You can choose to live your own life even if you live at home with controlling parents. You can choose to be emotionally and spiritually free even if you’re an adult child of 40, even if you’re taking care of elderly parents, even if you know they will never ever change.
Resources for Dealing With Controlling Parents
You Can’t Ruin My Day: 52 Wake-Up Calls to Turn Any Situation Around by Allen Klein is awesome! What a fun book, so cheerful and light – it is guaranteed to make you feel better about your life. It’s not about learning how to deal with controlling parents; it’s about coping with any and all negative, bad, critical, unfortunate situations in life.
“The next time someone pisses you off, mentally take a half step sideways and see him or her from a different angle,” writes Klein. “See their good side. See that they have wants and needs just like you. See that they are not out to get you; they are just people with a different opinion than yours. See them as an ally instead of an enemy.”
In Toxic Parents: Overcoming Their Hurtful Legacy and Reclaiming Your Life. Dr. Susan Forward draws on case histories and the real-life voices of adult children of toxic parents to help you free yourself from the frustrating patterns of your relationship with your parents — and discover a new world of self-confidence, inner strength, and emotional independence.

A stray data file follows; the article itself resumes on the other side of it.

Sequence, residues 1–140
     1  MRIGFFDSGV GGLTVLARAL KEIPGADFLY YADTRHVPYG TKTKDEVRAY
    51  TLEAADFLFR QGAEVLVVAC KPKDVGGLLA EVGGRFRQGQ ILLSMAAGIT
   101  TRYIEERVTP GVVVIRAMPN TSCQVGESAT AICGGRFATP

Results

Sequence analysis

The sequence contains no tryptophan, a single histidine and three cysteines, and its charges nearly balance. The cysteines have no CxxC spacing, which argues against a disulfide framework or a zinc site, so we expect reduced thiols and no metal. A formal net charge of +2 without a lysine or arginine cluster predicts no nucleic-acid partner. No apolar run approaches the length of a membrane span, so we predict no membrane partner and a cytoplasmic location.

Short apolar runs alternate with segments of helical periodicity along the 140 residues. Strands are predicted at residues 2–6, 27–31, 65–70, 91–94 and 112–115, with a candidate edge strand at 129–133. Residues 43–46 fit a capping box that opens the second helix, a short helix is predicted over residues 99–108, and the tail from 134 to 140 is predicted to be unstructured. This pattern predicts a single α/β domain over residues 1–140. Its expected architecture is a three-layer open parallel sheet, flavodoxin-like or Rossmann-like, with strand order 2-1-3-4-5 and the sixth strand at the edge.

I can’t offer advice on how to deal with controlling parents, but you may find it helpful to share your experience here. Sometimes writing about your family brings insight and clarity, and can help you cope.
And remember: to heal from the past – and cope with controlling parents – you need to let go of your wish that your family was different. They are who they are, and you can’t change them. Stop wishing, and start learning how to change your response so you can be happier and healthier.